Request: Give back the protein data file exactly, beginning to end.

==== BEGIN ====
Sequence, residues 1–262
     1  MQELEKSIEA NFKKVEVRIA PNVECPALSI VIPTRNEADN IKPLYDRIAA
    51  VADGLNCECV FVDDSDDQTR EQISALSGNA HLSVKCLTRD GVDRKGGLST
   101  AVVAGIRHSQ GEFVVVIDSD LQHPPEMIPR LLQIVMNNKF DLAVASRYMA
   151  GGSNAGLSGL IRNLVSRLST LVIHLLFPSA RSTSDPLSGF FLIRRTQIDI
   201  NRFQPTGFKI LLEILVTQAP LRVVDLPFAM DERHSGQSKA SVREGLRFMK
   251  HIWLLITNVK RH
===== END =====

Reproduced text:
Sequence, residues 1–262
     1  MQELEKSIEA NFKKVEVRIA PNVECPALSI VIPTRNEADN IKPLYDRIAA
    51  VADGLNCECV FVDDSDDQTR EQISALSGNA HLSVKCLTRD GVDRKGGLST
   101  AVVAGIRHSQ GEFVVVIDSD LQHPPEMIPR LLQIVMNNKF DLAVASRYMA
   151  GGSNAGLSGL IRNLVSRLST LVIHLLFPSA RSTSDPLSGF FLIRRTQIDI
   201  NRFQPTGFKI LLEILVTQAP LRVVDLPFAM DERHSGQSKA SVREGLRFMK
   251  HIWLLITNVK RH